Planet4 Concert: Sol Okarina – Friday, August 5th, 10pm @ República Sur, Presidente Cordova 5-55 and Hermano Miguel
I met up with Sol Okarina on Wednesday afternoon at a new Colombian empanada restaurant on Calle Larga. I figured it would be the perfect, homey environment, drinking black coffee and eating empanadas with this Venezuelan born, Colombian-raised musician whom I’ve grown to call my friend. But when Sol came in, I sensed immediately she was a bit stressed. The drummer she had been practicing with for her show, Planet4, scheduled for this Friday evening, had just told her that he couldn’t perform with her. If it had been anyone else, they might have seen the drummer’s announcement as a sign to cancel the show. But not Sol.
Music cannot be defined by fear. You have to ask why are we creating? To be rich? Famous? Recognized? We create because we need to.
For the past few months since Sol left Bogotá, Colombia to pursue her dream of sharing her music around the world, she has adopted the roles of marketer, composer, administrator, techie, and, of course, artist for her act. In Colombia, she worked with production and marketing teams while she composed and performed her music. She has released one CD, Sumergible, along with multiple other singles and collaborations, has performed with some of the most famous Colombian musicians, and has a following of tens of thousands on social media. Thankfully, these last few months of 24/7 work were exactly what she needed to prepare for this sudden change of concert plans. For the past few hours before our meeting, she had prepared recordings, talked to her other artist friends, and recommitted to giving the best possible concert she could for her final original performance here in Cuenca. With the drama mostly behind her, she shakes her head, laughs, and tells me,
“It’s just DJ Universe playing that song through us.”
Sol Okarina: Should I cancel the concert? No I couldn’t do that. So it’s like, ok, just do with me what you want.
Kristen Sawyer: DJ Universe sounds kind of like your creative spirit. Is that how you create new songs and material, through DJ Universe?
Sol: Sometimes the song just comes to me, as if I was a child and someone tells me the words and sound. My songs Gaea, Contacto, they were born like this. It’s DJ Universe, just producing through us. Other times, I work with the harmonics and rhythm to get the structure first.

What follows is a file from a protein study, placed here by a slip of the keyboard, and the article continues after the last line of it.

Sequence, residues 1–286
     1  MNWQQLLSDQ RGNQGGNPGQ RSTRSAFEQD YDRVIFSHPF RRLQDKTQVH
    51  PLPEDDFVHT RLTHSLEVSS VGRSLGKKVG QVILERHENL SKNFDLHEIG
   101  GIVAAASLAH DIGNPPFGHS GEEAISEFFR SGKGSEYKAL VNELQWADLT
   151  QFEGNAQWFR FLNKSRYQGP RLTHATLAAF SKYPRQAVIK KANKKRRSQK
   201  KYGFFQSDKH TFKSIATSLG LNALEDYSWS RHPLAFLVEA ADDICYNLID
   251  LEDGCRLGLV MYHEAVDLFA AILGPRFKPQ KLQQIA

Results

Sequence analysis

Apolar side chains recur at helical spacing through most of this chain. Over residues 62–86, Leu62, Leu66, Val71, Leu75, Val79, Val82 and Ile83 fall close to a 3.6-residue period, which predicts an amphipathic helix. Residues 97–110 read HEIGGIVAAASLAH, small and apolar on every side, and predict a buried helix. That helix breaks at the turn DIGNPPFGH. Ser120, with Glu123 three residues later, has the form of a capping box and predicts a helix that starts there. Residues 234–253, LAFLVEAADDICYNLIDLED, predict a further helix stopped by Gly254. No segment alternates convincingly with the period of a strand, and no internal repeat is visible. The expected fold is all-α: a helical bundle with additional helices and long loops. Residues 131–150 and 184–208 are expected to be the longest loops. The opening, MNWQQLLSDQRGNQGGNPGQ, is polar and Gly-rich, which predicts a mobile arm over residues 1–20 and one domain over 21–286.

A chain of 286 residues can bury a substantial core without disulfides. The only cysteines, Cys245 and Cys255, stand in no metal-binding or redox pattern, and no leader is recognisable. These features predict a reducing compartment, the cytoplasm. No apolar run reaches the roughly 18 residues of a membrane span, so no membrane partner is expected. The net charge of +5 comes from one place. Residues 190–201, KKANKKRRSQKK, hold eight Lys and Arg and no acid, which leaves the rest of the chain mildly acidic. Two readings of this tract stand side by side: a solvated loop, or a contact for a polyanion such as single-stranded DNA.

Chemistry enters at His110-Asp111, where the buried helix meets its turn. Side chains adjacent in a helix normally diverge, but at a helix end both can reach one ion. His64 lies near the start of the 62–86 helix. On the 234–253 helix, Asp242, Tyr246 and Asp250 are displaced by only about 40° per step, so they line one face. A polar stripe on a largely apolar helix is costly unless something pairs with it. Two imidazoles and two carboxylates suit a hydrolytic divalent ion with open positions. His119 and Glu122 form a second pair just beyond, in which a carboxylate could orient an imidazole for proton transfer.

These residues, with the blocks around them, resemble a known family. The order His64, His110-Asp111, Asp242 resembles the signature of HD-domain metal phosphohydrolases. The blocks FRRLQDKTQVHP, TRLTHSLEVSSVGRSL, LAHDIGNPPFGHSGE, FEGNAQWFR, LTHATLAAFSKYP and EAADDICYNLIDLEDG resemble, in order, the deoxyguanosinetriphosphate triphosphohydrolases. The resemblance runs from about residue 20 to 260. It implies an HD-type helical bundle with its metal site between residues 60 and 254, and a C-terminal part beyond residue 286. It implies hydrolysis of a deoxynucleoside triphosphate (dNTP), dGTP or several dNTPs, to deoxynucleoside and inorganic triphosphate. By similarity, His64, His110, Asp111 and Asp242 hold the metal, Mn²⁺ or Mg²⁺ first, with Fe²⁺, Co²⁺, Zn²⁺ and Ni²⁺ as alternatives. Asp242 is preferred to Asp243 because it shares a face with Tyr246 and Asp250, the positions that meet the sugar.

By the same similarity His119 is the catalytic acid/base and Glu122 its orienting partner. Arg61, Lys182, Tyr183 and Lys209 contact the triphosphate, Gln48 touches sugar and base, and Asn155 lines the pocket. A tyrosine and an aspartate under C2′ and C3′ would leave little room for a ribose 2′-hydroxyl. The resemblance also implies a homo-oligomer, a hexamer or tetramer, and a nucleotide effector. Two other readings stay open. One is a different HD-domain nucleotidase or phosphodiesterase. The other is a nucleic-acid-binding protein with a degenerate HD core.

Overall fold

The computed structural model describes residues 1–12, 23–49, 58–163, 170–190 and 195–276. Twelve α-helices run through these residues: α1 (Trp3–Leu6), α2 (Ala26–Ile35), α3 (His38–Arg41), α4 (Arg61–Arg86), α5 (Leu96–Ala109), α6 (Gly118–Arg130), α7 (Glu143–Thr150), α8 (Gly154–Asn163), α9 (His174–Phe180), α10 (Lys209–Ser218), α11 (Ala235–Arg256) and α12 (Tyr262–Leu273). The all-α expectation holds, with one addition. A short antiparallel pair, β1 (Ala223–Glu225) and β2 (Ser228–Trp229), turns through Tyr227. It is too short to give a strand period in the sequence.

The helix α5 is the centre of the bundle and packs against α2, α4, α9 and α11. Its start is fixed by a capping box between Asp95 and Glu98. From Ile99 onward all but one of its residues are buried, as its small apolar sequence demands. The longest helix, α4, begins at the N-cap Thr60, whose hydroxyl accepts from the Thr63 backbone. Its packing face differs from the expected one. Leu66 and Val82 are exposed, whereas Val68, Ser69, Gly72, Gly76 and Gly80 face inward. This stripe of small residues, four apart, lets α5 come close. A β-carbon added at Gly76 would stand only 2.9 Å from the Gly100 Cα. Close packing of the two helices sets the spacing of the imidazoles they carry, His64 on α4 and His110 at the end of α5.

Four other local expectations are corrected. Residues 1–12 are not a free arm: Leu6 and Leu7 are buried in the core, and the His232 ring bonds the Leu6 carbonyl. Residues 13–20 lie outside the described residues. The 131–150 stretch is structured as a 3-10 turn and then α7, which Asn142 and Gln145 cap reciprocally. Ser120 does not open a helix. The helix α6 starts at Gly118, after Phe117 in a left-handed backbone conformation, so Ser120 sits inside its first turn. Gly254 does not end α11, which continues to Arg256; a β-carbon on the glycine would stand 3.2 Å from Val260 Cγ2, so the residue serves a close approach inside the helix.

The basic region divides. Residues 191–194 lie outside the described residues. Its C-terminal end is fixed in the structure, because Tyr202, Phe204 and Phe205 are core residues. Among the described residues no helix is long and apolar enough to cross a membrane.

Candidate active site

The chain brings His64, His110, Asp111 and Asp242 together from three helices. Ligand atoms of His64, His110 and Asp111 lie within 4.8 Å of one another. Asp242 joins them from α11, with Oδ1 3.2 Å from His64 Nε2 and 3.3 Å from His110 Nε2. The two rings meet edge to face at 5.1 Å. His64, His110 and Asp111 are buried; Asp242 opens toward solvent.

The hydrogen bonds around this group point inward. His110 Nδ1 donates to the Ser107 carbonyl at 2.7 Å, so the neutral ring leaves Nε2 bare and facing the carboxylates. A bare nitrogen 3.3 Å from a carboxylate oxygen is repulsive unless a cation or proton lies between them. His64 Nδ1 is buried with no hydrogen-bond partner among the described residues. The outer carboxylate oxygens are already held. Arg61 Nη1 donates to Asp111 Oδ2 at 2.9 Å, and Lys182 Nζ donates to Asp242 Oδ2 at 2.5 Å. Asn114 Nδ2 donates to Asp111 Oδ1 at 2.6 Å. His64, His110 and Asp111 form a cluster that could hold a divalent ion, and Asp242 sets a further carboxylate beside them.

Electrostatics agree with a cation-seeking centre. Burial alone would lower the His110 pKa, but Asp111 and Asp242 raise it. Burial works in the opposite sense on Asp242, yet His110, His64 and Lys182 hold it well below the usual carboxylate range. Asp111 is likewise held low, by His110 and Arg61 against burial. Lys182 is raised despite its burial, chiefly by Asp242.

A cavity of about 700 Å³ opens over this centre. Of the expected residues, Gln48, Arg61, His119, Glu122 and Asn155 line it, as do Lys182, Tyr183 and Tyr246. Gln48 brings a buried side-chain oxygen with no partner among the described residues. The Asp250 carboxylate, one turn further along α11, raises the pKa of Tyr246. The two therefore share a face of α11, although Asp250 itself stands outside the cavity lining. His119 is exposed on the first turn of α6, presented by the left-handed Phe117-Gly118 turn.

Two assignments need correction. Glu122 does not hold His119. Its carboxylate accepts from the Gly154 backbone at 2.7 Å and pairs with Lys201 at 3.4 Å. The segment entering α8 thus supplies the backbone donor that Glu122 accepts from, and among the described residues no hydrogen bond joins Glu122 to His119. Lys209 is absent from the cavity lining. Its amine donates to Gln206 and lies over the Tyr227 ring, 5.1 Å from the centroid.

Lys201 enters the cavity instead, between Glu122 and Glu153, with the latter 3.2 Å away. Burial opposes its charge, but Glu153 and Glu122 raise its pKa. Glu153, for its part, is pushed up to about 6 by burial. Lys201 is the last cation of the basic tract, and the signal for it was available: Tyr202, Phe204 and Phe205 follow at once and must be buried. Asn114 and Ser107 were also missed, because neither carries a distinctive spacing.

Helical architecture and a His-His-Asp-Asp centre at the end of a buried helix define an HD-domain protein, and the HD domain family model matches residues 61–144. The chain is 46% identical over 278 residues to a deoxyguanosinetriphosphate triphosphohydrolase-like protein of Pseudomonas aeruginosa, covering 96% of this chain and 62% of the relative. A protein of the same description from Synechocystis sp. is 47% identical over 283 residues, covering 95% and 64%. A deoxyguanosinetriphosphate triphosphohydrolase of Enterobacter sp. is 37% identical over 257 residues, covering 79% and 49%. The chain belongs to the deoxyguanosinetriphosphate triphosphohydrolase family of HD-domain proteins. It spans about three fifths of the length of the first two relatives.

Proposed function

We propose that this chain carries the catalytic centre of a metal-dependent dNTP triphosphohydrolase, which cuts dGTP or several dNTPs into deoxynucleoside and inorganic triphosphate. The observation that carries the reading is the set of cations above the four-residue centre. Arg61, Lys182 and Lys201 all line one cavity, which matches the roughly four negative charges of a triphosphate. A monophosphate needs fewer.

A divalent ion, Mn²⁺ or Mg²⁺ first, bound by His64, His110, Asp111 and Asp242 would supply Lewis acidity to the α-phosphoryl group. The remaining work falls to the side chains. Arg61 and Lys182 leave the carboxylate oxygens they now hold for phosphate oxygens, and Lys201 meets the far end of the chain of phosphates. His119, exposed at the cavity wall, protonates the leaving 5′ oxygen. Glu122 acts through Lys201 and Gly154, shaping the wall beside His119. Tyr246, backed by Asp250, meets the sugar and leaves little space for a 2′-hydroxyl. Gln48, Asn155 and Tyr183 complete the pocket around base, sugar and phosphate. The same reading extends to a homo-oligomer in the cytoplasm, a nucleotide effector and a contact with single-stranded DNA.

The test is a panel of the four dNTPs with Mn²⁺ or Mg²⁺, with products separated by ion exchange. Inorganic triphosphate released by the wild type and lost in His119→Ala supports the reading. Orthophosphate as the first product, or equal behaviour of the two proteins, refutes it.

Kristen: When did you start playing music and making songs?
Sol: Since I was a kid, I was always writing and writing and writing, that’s why I’m a big notebook fan. With writing, sometimes it was more prosperous, but other times it was more like a drip, drip, dripping. Sometimes with songs, I begin with lyrics.
Kristen: Is that how it was with Planet 4, your new song that you’re featuring at your concert this Friday?
Sol: Planet4 came to me in its entirety. It was directly inspired by the theme of earth care. In the last few years I’ve been drawn to the ideas of changing the patterns that are not helpful to the planet. I wanted to make a statement. The name is interesting. My instrument is the cuatro, like 4, because it has 4 strings. And planet in Spanish is ‘planeta.’ So I replaced the “a” in ‘planeta’ with a 4, for my instrument. So it’s really like: Planet4.
Kristen: That is awesome, and I never realized that with the song name. Is Planet4 a typical kind of song for you? How would you describe your style of music?
Sol: Friends and musicologists have called my style urban tropical, or Caribbean alternative. It’s a mix of calypso, cumbia, soca and other types of music. There’s a lot of Caribbean influence because I went to the Caribbean beach a lot as a kid growing up in Venezuela. Our state, Estado Bolivar, was really close to Trinidad and Tobago. There’s a lot of calypso style music there because there are so many influences. In Estado Bolivar, there was a big mine, El Callao, where Africans were forced to come and work, so the music style there has evolved to have lots of different influences.
Kristen: And your instrument is Venezuelan as well?